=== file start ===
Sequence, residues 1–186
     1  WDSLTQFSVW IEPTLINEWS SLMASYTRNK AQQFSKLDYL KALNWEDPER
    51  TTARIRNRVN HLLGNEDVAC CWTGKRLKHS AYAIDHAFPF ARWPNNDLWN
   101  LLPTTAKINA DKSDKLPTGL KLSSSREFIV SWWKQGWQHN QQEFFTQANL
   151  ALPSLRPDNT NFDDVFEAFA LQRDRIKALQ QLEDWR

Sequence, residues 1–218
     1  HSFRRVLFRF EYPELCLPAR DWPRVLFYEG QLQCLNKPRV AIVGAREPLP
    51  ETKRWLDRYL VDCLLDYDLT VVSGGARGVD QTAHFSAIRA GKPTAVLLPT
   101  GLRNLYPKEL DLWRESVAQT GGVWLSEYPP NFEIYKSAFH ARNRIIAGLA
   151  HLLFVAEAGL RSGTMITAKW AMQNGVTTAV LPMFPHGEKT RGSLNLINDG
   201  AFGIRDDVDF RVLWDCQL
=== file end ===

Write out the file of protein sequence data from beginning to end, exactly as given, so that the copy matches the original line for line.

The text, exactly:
Sequence, residues 1–186
     1  WDSLTQFSVW IEPTLINEWS SLMASYTRNK AQQFSKLDYL KALNWEDPER
    51  TTARIRNRVN HLLGNEDVAC CWTGKRLKHS AYAIDHAFPF ARWPNNDLWN
   101  LLPTTAKINA DKSDKLPTGL KLSSSREFIV SWWKQGWQHN QQEFFTQANL
   151  ALPSLRPDNT NFDDVFEAFA LQRDRIKALQ QLEDWR

Sequence, residues 1–218
     1  HSFRRVLFRF EYPELCLPAR DWPRVLFYEG QLQCLNKPRV AIVGAREPLP
    51  ETKRWLDRYL VDCLLDYDLT VVSGGARGVD QTAHFSAIRA GKPTAVLLPT
   101  GLRNLYPKEL DLWRESVAQT GGVWLSEYPP NFEIYKSAFH ARNRIIAGLA
   151  HLLFVAEAGL RSGTMITAKW AMQNGVTTAV LPMFPHGEKT RGSLNLINDG
   201  AFGIRDDVDF RVLWDCQL